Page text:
How to Keep Your Phone From Ruining Your Vacation
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Cell phones are great for keeping in touch with friends and family while traveling — and it’s hard to beat having instant access to a high-end, lightweight camera. But on vacation, you want to take a break and unplug, right?
Well, no. Despite a growing interest in entire retreats dedicated to “tech-free wellness,” it turns out that we’re more addicted than ever.
According to tech-services company Asurion, Americans check their phones an average of 80 times a day while on vacation. And some people look at their phones more than 300 times each day. Even on a beautiful beach or immersed in a stunning cityscape, people are checking their phones once every 12 minutes on average.
As you can imagine, all of this screen time isn’t great for our mental and physical wellbeing.
When we put our phones aside, psychologist Jessica Nicolosi told The Points Guy, we experience a profound sense of disconnection. We feel lonely in a room full of people because we have stopped connecting, stopped saying good morning, stopped smiling at others. We no longer use our voices to communicate, choosing instead to send a text message — or worse, a picture meant to demonstrate our emotional state.
The odd thing is that we typically plan vacations designed to help us disconnect. That’s the entire point. Yet we cannot stop glancing at the screens we keep in our back pocket or the palms of our hands.
And not being able to detach can lead to physical side effects.
“My patients report a feeling of intense anxiety when they step away from their phones, and their description of the feeling is frighteningly similar to listening to someone struggling with drug addiction trying not to relapse,” Nicolosi said. “Studies have found that overuse of cell phones is related to reports of headaches, irritability and anger, along with difficulty concentrating and anxiety.”
If that’s not bad enough, too much time on our cell phones can also lead to sleeping problems.
“Obtaining restorative sleep is already challenging on the road because our sympathetic nervous system, the basis of our flight-or-fight response, is more active,” sleep expert Rebecca Robbins said. “Unfortunately, in the face of sleep difficulty, one common approach is to reach for our cell phones. But that hinders our ability to fall asleep.”
Why? Aside from the content on our mobile phones being stimulating — anxiously reading emails from a boss, for example, or scrolling through social media — mobile phones emit blue light that can suppress melatonin, the hormone that regulates our sleep cycles.
Knowing how disruptive cell phones can be, especially if we’re unable to unplug even during a well-intentioned vacation, is a start. But sometimes, learning to disconnect is a multistep process that takes time and discipline.
Before your next trip, try these three steps to help you prepare for a legitimately tech-free (OK, maybe just tech-light) holiday.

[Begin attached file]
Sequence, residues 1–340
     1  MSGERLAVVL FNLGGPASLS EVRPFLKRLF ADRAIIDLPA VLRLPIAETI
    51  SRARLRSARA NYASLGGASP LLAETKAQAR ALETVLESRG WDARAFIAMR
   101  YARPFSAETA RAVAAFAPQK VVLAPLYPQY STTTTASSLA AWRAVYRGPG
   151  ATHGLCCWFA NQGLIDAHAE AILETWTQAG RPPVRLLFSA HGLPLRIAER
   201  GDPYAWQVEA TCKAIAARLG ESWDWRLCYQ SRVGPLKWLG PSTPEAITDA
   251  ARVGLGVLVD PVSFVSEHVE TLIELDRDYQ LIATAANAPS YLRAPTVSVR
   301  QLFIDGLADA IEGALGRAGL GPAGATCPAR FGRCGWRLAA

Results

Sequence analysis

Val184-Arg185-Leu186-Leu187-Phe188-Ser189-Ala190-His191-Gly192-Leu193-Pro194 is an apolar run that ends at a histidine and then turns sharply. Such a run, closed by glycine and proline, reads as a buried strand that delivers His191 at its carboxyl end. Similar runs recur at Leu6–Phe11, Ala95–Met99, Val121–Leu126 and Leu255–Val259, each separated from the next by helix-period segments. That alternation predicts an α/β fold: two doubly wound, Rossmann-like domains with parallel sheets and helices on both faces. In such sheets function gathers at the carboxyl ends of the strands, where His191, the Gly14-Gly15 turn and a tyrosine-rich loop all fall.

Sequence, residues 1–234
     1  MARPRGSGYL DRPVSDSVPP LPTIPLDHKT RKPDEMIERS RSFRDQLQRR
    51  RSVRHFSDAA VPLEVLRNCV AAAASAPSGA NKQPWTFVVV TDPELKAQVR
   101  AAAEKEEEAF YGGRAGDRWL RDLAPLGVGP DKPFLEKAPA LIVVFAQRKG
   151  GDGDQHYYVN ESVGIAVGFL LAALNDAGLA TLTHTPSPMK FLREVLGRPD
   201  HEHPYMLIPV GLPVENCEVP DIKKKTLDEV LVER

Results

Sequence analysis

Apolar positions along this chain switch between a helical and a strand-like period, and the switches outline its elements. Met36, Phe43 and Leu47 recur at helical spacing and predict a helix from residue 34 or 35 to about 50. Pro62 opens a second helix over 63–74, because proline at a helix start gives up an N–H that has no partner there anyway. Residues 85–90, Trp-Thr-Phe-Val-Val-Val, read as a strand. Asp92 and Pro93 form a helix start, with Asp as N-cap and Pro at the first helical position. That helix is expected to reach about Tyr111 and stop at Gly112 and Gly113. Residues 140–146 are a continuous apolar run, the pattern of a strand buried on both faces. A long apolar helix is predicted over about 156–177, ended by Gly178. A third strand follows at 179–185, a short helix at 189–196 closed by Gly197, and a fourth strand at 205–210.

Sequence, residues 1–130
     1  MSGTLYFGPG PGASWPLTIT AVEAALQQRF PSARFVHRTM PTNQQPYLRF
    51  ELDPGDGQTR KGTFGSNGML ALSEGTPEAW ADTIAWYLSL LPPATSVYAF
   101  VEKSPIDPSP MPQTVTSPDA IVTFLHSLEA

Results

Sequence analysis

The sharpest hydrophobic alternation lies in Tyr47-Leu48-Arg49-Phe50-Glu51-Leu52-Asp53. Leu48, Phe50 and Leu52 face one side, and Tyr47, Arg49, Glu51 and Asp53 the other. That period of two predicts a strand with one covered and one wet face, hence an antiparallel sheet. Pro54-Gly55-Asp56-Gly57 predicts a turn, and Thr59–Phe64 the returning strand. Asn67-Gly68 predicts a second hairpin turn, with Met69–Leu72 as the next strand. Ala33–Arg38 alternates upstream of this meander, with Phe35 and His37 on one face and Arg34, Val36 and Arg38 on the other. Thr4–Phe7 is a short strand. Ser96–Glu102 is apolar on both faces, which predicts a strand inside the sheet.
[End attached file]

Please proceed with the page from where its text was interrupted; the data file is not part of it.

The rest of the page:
1. Download an app
Yes, this suggestion seems counterintuitive. Stay with us. There’s an app called Moment designed to track how much you use your phone every day. In addition to putting the amount of time you spend on your phone into (sometimes horrifying) perspective, Moment can help you reduce the hours you spend on your device. (It’s free, too.)
Before you leave for vacation, set a daily limit. The app will notify you when you go over. At the very least, Moment points out how long and how often you scroll through Instagram or check emails — something you may not even notice.
2. Make small disconnection commitments
Like any addiction you want to break, you have to start small to make significant changes. That’s why Nicolosi suggests choosing one or two times during your day to put your phone aside to begin breaking the habit.
“Perhaps you choose not to look at your phone for the first hour of your day,” she said. “Or maybe you need to start much smaller, and commit not to pick up the phone when your partner goes to the bathroom. Whatever it is, take that time to look up and notice your surroundings. Slowly, you’ll become more comfortable doing it.”
If you start to get anxious, Nicolosi suggests using self-talk to remind yourself that whatever is there will still be there in an hour.
3. Power down before bed
Wouldn’t it be great if we could power down our minds like our cell phones? Unfortunately, it does take time. That’s why we have to look at the hours before bedtime as a part of the sleep-onset process itself.
“Ideally, you should avoid cell phones 90 minutes before you want to go to bed,” Robbins said. “If you can’t do that, at least 30 minutes will help, too.”
Replace that time with something relaxing such as a soak in the hotel hot tub, reading or meditating.
“Sleep is a process,” Robbins said. “If you find yourself tossing and turning, get out of bed, keep the lights low, sit in an armchair to read or meditate, and return to bed when you are tired. Don’t get on your phone.”
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